17 diversification of linguistic competences. It is only through the CEFR that value has been accorded to differentiation and that differentiation has become feasible as well as worthwhile. Even so-called weak/less able learners can see their competence valued, recognising that they have in fact several competences even if these are less developed than those of other learners. Beyond these differences, the CEFR offers the possibility to create anchor points to actively emphasise one dimension more than another. Learners may be heading towards careers that need more linguistic competence in one domain than in another. Therefore it is possible, for example, to reinforce written linguistic competence and to (partly) neglect oral aspects when a learner is considering a career mainly based on written communication. The present kit and to an even greater extent the guide aims at facilitating to every stakeholder involved in language teching/learning access to the ideas of the CEFR concerning (positive) assessment of learners language competences. But you may say is the CEFR not enough without the need for a guide? Yes, of course, the CEFR remains the main reference but we consider it useful, not only to summarize its main concepts but also to propose some suggestions for teachers to reflect on their assessment practices through a series of worksheets, which propose activities focusing on reflection and contextualization. In this way, we hope that language teaching throughout Europe will be better rooted in the philosophy of the CEFR. The guide is subdivided into four sections, which all share a common goal: devising the path towards assessment according to the CEFR. First of all, we try and reflect on what is (or could be) a reflective attitude. It seems crucial that practitioners who aim at assessing in a way consistent with the CEFR are able to permanently question their approaches, their teaching and assessing methods as well as the learners competences and skills. In order to do this, it is essential to acquire a reflective attitude, which in turn will allow practitioners to educate learners to autonomy. The second section deals with aspects of plurilingualism in Europe and with what it means in practical terms to live with languages. We believe in the need for understanding the cultural dimension of languages and of being aware that language learning does not occur in isolation, but rather within a plurilingual approach. Acquiring a reflective attitude and being able to live (with) languages allows practitioners to question methods and strategies. For this reason, a series of considerations is presented on the way we, as teachers, and they as learners could become even more competent. Finally, the fourth section focuses on what assessment actually is. Implementation of language competence inevitably undergoes some form of assessment. This final section therefore deals with the different elements which constitute and influence assessment. 17

18 The assessment capacity is thus characterized by the awareness that assessment is never just the final phase of a process but an intermediate phase or even an initial one. The four sections are followed by a conclusion which also aims at introducing the worksheets making up the kit. 18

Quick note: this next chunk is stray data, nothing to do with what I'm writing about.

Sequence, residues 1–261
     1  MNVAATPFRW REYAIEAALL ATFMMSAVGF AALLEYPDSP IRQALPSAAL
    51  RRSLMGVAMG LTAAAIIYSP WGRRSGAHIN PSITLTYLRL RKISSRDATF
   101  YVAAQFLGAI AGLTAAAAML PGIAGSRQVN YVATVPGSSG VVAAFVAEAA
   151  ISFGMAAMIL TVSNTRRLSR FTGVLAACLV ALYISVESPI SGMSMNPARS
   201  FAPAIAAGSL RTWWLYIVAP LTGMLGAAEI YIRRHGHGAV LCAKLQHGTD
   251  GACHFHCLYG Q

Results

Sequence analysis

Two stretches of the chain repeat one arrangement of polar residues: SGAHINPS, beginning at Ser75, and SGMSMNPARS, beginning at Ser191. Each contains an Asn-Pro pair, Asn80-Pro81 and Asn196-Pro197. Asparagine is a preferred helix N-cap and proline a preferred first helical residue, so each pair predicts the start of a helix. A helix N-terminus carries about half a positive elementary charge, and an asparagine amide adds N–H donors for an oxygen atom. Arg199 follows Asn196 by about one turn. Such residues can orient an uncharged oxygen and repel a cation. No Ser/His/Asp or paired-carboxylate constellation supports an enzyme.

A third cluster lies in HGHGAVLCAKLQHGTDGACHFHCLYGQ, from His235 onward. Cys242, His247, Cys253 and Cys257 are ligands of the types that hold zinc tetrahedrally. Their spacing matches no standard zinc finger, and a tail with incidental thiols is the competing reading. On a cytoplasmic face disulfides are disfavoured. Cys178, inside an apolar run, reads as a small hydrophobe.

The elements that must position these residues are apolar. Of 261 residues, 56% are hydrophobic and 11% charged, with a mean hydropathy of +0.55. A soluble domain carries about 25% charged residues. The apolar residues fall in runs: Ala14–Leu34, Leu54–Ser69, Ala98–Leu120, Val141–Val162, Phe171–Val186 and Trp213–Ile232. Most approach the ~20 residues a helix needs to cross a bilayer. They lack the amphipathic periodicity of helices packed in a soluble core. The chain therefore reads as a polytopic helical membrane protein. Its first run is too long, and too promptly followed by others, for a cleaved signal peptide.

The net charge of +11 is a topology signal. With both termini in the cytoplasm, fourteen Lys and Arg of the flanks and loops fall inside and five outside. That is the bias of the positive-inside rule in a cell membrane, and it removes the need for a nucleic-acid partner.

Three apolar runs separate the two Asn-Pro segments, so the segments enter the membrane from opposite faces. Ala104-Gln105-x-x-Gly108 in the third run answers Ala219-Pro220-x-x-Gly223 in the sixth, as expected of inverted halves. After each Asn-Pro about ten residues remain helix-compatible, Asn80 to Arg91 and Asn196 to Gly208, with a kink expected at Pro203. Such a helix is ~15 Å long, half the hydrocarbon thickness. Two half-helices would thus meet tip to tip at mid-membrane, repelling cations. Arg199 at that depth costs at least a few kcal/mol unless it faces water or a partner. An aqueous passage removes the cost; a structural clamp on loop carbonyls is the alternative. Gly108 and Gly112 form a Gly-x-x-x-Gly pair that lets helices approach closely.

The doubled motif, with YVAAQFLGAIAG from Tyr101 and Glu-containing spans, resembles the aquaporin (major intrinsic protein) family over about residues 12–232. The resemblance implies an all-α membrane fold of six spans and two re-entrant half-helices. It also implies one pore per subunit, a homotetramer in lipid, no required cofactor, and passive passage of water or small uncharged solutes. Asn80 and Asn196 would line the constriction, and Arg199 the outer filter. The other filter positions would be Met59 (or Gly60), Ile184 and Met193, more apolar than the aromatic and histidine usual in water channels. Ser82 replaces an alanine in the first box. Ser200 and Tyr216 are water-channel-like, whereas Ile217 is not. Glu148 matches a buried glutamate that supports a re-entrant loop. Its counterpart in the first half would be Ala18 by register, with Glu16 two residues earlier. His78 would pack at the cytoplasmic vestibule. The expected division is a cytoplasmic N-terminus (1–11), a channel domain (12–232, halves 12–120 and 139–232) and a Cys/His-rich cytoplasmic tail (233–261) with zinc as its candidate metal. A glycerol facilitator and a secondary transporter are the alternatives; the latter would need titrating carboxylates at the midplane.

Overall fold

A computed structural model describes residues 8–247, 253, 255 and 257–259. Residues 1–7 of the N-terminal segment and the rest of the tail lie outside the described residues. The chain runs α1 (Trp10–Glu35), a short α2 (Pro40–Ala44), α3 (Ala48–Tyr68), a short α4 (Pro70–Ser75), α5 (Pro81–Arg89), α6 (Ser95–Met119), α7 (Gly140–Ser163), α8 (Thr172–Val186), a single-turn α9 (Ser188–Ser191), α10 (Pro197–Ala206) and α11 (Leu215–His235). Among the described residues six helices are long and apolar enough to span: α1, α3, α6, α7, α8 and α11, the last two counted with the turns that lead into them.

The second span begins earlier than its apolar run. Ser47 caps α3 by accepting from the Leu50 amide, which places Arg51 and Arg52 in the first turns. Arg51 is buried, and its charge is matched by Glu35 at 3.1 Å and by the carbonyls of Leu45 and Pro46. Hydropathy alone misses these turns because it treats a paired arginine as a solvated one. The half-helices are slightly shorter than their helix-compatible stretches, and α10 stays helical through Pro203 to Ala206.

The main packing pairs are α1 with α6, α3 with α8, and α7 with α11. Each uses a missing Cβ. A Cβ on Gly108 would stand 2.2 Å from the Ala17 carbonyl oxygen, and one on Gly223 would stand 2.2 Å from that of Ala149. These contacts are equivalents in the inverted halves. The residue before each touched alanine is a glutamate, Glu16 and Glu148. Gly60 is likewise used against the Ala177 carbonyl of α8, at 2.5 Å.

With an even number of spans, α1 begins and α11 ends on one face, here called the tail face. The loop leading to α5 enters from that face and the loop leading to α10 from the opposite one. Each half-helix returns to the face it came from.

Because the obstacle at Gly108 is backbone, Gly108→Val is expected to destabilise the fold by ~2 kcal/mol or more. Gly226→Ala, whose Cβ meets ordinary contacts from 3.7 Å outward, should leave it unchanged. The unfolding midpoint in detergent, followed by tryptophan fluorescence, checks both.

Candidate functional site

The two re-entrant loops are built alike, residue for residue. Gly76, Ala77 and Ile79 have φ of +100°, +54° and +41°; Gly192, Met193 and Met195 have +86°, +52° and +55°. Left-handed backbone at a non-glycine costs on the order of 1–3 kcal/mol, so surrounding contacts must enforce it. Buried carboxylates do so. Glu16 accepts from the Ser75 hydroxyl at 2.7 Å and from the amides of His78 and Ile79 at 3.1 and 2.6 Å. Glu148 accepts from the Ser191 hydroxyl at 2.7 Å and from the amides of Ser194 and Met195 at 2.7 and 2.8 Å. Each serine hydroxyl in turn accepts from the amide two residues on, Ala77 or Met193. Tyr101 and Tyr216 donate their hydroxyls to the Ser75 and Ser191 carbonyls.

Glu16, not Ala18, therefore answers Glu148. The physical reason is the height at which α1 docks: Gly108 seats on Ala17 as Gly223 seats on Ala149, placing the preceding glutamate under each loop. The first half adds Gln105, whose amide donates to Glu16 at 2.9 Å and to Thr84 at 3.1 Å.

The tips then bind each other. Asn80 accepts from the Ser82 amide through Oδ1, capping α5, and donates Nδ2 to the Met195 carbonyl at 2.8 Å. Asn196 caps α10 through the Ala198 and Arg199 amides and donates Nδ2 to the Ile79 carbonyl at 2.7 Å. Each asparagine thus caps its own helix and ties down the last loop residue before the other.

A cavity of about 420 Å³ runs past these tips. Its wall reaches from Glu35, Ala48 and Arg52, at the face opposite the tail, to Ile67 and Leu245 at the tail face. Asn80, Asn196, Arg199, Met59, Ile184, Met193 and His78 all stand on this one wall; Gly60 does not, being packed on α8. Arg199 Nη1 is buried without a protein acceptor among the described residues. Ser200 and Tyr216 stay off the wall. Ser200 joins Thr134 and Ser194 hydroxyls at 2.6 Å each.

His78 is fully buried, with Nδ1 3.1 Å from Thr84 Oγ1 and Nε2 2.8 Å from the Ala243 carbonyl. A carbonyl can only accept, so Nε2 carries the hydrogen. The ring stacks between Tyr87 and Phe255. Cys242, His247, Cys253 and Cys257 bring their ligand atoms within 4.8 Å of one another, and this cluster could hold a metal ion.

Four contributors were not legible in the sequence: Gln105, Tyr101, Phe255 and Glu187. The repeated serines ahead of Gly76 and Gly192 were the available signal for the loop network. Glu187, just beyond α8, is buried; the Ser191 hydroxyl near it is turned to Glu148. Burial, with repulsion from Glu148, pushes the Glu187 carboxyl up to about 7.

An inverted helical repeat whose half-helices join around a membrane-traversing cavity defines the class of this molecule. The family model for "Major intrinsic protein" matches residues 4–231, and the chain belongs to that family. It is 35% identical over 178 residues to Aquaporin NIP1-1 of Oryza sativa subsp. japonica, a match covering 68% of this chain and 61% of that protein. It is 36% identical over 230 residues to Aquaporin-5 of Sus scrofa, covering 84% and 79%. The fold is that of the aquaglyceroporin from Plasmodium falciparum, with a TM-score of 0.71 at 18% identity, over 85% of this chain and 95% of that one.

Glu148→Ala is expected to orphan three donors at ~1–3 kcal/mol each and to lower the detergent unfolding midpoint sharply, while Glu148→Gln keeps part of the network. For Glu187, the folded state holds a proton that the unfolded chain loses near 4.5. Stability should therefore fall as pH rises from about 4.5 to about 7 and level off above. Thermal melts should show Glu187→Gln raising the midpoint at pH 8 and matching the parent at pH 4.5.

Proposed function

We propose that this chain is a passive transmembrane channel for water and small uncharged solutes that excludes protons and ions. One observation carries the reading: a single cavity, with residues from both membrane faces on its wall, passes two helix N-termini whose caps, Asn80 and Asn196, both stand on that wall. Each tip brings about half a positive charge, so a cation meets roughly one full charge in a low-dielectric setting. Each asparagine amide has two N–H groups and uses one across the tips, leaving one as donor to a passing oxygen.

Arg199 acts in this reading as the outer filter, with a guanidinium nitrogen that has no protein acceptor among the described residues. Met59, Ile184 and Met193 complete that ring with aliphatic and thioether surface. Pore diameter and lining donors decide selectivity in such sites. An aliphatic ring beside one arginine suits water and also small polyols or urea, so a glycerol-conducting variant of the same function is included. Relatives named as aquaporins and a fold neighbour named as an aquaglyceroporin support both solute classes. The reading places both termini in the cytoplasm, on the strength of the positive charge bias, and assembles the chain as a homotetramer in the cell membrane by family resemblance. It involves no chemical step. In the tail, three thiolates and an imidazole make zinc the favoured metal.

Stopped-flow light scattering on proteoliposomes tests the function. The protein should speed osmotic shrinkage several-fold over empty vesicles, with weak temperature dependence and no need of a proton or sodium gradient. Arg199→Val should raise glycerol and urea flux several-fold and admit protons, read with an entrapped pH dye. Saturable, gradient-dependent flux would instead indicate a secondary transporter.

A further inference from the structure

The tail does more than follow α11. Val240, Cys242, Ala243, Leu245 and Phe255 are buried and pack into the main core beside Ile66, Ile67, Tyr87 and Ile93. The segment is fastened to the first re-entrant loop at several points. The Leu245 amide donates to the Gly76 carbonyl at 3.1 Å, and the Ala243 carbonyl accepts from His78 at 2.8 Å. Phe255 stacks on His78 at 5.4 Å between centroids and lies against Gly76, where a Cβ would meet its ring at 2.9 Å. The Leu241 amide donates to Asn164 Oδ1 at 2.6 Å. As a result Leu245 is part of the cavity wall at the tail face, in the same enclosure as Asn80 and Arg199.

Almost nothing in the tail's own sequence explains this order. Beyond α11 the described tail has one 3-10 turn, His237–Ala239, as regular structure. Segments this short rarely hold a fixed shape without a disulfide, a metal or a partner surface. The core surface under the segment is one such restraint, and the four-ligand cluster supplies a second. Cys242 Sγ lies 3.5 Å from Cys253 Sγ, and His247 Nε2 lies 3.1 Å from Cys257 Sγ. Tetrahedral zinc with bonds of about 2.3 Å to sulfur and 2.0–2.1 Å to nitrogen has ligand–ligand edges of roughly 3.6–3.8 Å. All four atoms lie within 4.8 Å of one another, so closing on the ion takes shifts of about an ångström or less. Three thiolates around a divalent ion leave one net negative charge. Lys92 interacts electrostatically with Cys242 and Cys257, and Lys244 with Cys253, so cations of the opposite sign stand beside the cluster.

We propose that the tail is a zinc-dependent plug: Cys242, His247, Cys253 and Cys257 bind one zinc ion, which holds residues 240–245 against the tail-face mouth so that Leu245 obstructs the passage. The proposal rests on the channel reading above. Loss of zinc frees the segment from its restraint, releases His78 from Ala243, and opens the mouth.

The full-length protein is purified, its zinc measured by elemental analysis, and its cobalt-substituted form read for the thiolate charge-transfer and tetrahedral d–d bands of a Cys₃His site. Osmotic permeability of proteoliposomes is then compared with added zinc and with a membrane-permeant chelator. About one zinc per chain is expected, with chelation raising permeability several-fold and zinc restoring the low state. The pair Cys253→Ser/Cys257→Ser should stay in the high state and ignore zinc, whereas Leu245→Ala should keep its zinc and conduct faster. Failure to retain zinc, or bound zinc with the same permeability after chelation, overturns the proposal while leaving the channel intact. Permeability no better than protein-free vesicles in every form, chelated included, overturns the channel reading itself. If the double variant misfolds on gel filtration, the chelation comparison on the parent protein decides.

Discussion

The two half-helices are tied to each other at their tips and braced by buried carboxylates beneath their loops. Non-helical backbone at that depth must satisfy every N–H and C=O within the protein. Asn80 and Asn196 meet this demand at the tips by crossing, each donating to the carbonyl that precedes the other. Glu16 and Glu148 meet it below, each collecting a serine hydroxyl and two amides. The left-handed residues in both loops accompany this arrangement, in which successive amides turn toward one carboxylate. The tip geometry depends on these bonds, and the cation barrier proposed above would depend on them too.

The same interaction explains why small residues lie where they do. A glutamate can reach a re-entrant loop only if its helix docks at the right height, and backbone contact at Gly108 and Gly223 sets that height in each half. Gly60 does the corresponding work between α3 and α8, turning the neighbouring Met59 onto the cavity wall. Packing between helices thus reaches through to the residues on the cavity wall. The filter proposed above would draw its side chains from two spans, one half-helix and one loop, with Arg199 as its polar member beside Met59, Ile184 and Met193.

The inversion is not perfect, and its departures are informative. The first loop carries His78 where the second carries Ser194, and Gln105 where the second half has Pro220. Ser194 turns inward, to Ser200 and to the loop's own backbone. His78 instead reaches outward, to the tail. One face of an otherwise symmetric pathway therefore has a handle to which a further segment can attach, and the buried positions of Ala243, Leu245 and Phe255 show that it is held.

19 I. Reflexivity: an attitude leading to autonomy Preparing teachers for their professional lives through reflection and analysis of their professional practices is currently a hot topic in education. As the world becomes more complex, increased knowledge is required along with mastery of increasingly diversified competence. These processes force us to question the tools and ways of doing that are most appropriate for education. Education needs to change, moving from reflection, to develop open-minded attitudes and a more flexible system. Teachers, being central to learning processes, have to change their practices according to changing needs. Professional development has to start from the analytical observation of one s teaching skills, the context in which a teacher operates, and the restrictions it imposes. But it has also to start from the observation of individuals with whom a teacher interacts as well as of their unique and specific mental contexts and their more or less conscious or specific objectives. Reflecting on the construction of professional skills is also required by new orientations and policies for pedagogy in which learners are at the centre of the learning-teaching process. This important dynamic for change is especially distinct in the teaching of languages for a variety of reasons: languages are an increasingly prevalent subject, new priorities are established for efficient communication, classroom management focuses on tasks, teaching and learning strategies, attention is now on the learner, and teaching is focused on comprehension. Moreover, scientific inquiry in neurology, psychology and pedagogy are progressing and influencing language teaching. 1. Restrictions and liberties: choices that teachers face Teachers have the delicate task of guiding students throughout their courses. To do so, teachers have to ask themself questions that will then enable them to put into context and personalise their professional activities, eventually making them more effective. To support and guide teachers in this essential task, certain question boxes are provided, starting from Chapter 4 of the CEFR, which contains such guidelines phrased as invitation rather than as an instruction in order to emphasise the non-directive character of the Framework enterprise (p. 43). Even though one should not feel obliged to follow exactly each section in detail, in most cases, however, [ ] [the authors of the CEFR] expect that the Framework user will reflect on the question posed in each box and take a decision one way or another. If the decision taken is of significance, it can be formulated using the categories and the examples supplied, supplemented as may be found necessary for the purpose in hand (ibid.). Even if the overall structure of Chapter 4 is presented as a checklist to ensure that teachers and other CEFR users can find answers or guidance easily, teachers are 19